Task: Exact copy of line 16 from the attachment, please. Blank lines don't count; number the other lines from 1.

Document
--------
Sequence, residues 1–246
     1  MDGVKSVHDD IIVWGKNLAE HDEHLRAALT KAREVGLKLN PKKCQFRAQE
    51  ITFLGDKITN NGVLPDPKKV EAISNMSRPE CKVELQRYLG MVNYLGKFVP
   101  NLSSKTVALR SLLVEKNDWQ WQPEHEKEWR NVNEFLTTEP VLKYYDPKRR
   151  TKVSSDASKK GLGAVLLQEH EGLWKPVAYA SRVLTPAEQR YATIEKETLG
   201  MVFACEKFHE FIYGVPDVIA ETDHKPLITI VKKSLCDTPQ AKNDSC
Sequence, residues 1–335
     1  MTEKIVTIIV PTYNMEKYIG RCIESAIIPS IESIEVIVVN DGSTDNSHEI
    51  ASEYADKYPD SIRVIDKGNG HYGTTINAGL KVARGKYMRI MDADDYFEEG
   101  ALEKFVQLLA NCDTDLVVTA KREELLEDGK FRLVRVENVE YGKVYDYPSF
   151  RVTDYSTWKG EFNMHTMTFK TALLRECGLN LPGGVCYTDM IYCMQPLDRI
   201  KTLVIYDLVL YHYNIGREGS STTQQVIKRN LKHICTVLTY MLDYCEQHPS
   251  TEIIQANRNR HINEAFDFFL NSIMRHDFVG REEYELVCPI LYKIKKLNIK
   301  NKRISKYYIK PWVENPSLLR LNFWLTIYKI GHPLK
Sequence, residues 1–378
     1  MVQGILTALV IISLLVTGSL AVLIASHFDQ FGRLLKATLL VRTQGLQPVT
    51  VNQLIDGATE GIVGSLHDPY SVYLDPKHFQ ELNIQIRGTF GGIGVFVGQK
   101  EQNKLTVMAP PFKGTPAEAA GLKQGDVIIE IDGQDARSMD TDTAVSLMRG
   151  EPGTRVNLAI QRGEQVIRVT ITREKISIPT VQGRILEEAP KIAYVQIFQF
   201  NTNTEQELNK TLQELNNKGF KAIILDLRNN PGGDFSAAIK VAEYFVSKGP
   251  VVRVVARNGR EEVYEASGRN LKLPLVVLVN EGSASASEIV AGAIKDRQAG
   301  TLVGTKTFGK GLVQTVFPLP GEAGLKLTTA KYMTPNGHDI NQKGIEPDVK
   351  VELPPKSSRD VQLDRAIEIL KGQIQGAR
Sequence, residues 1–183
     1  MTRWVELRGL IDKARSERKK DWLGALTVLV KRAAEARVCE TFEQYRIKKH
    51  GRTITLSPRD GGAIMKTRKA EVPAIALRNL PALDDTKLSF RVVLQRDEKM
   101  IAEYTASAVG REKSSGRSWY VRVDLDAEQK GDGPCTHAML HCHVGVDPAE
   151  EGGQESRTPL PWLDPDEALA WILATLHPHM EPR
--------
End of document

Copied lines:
     1  MVQGILTALV IISLLVTGSL AVLIASHFDQ FGRLLKATLL VRTQGLQPVT